Casting workshops that charge actors a fee to be seen by casting directors are a “scam,” SAG-AFTRA says, and might violate California’s pay-to-play law that prohibits employers or their representatives from taking money from job seekers. The practice is under investigation by the Los Angeles City Attorney’s office.
The union also says that members who pay to be seen by casting directors – even in workshop settings – might be in violation of the guild rules or even state law.
“There are certainly many legit companies that offer a chance to meet and read for casting agents and directors in a classroom setting,” the guild says on its website. “But be aware that if any fee is charged for these sessions, your participation may be in violation of SAG-AFTRA Rule 11 or California labor laws.”
According to Section 11 of the SAG-AFTRA Rules and Regulations: “It shall be deemed conduct unbecoming a member for any member of the union, directly or indirectly, to give or offer to give any money, gift, gratuity or other thing of value to an employer, or prospective employer, to any officer, agent, representative or employee of such employer or prospective employer, or to any employment or casting agency representing an employer, or prospective employer, or to any of their officers, agents, representatives or employees as an inducement to secure employment.” This does not apply, however, to the payment of commissions to franchised agents.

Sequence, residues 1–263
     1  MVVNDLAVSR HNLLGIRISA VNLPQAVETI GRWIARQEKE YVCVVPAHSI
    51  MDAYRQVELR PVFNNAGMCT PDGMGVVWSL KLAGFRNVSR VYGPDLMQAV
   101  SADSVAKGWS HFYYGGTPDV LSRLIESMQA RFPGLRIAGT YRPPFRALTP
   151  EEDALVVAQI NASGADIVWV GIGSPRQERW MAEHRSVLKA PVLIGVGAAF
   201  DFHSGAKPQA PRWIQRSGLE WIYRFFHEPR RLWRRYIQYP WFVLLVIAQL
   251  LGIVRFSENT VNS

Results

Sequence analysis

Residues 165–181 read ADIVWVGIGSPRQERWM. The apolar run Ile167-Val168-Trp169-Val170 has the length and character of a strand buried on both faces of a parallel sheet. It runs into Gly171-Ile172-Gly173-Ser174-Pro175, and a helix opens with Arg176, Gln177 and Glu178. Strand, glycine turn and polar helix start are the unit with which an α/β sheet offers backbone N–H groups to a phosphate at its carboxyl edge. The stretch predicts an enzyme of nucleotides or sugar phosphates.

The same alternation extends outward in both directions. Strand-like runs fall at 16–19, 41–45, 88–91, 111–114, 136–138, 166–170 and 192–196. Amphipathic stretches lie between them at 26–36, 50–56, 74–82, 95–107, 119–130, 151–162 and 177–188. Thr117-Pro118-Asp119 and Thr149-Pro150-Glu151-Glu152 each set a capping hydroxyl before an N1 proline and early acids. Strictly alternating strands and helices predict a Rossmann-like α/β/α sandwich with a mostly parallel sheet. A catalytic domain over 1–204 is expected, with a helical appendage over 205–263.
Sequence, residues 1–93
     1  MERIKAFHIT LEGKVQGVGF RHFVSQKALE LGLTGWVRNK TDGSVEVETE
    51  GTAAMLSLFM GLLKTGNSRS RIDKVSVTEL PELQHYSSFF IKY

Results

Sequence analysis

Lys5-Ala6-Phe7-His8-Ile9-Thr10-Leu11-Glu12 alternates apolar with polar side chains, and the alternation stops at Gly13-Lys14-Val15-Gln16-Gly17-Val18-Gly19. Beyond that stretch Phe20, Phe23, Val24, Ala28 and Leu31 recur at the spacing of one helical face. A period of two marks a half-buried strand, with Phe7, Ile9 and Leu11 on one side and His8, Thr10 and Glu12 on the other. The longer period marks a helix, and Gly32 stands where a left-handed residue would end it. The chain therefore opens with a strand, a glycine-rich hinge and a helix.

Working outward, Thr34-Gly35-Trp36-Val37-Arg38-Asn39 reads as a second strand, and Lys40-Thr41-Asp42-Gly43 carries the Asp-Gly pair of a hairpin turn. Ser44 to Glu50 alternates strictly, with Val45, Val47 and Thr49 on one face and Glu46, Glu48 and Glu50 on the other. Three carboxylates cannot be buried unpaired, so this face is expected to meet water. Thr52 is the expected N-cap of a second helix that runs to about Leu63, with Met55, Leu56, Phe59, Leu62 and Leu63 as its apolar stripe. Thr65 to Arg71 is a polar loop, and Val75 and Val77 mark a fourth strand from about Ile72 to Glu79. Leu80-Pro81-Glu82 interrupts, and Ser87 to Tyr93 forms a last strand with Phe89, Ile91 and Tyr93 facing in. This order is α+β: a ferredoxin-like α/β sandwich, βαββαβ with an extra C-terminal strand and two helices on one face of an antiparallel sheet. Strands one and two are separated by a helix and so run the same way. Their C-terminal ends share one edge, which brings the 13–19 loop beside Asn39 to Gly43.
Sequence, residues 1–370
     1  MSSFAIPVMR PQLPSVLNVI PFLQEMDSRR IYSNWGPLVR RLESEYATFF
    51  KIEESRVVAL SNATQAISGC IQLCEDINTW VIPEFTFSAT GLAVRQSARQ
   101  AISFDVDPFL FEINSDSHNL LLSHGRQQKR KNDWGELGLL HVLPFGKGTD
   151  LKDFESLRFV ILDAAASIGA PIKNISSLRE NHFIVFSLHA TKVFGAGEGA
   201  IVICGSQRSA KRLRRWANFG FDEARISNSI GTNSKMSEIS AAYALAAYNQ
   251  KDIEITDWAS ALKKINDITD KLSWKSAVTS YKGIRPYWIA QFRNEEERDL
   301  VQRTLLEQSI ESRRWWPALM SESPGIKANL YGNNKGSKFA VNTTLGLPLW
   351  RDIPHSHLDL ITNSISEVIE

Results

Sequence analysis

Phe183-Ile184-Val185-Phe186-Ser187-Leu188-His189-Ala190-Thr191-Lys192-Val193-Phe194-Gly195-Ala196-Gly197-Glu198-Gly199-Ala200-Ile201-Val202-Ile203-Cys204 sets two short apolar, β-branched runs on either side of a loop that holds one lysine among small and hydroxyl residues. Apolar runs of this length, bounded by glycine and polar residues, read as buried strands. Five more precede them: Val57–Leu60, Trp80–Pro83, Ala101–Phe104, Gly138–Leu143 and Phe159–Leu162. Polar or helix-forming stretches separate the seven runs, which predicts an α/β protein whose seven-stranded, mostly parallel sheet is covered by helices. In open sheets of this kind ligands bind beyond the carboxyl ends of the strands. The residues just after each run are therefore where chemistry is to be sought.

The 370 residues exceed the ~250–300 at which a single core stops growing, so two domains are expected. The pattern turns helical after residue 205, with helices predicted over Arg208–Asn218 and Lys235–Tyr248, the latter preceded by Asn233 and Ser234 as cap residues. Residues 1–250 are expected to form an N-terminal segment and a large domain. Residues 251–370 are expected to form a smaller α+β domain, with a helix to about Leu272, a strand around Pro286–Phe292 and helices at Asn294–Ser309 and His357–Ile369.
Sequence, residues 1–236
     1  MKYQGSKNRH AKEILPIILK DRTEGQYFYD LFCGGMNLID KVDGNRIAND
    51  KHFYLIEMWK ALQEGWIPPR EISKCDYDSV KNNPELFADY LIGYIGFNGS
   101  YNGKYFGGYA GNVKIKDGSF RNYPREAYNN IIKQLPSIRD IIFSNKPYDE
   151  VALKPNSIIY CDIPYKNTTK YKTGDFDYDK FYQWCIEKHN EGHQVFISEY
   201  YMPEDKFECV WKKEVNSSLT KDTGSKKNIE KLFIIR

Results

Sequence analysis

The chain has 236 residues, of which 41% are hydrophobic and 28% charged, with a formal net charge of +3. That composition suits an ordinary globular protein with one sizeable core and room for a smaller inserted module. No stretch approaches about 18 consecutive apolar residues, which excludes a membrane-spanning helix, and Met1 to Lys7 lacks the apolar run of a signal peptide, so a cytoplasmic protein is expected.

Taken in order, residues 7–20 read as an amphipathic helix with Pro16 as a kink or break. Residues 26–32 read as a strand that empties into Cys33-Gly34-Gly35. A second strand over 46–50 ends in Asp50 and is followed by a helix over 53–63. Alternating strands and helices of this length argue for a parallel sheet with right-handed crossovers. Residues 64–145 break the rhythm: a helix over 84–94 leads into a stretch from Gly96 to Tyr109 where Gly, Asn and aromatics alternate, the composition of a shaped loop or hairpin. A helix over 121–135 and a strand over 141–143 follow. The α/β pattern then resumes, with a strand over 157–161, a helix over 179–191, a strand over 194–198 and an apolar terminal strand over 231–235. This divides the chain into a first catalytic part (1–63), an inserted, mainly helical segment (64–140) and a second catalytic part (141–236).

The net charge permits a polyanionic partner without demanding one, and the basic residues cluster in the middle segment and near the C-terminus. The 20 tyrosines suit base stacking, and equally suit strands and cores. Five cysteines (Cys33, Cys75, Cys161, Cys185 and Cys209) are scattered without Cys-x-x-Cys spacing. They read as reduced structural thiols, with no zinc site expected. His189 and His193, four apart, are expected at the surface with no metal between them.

The guild asks its members to call its background actors department if they are asked “to pay a fee or give any form of compensation to audition for a casting director, producer, agent, manager, or anyone else that has any input into the hiring process. … This includes workshop-style situations where a casting director watches your scene or monologue, offers no meaningful critique or feedback, and is presented as someone looking for actors for ‘current and upcoming projects.’ This becomes a paid audition, which is against SAG-AFTRA rules.”
The California Labor Code prohibits employers or potential employers from demanding payment for employment opportunities, and the union urges its members to report such violations to the state Labor Commissioner’s office. “The more people that stand up and protest these practices, the more likely it is that action will be taken,” the union says.
Pay-for-play scams are also outlawed by the 2009 Krekorian Talent Scam Prevention Act, but casting workshops are allowed as long as they don’t offer auditions or employment as part of their services.
The Casting Society of America, meanwhile, is trying to come up with a new policy governing casting workshops.
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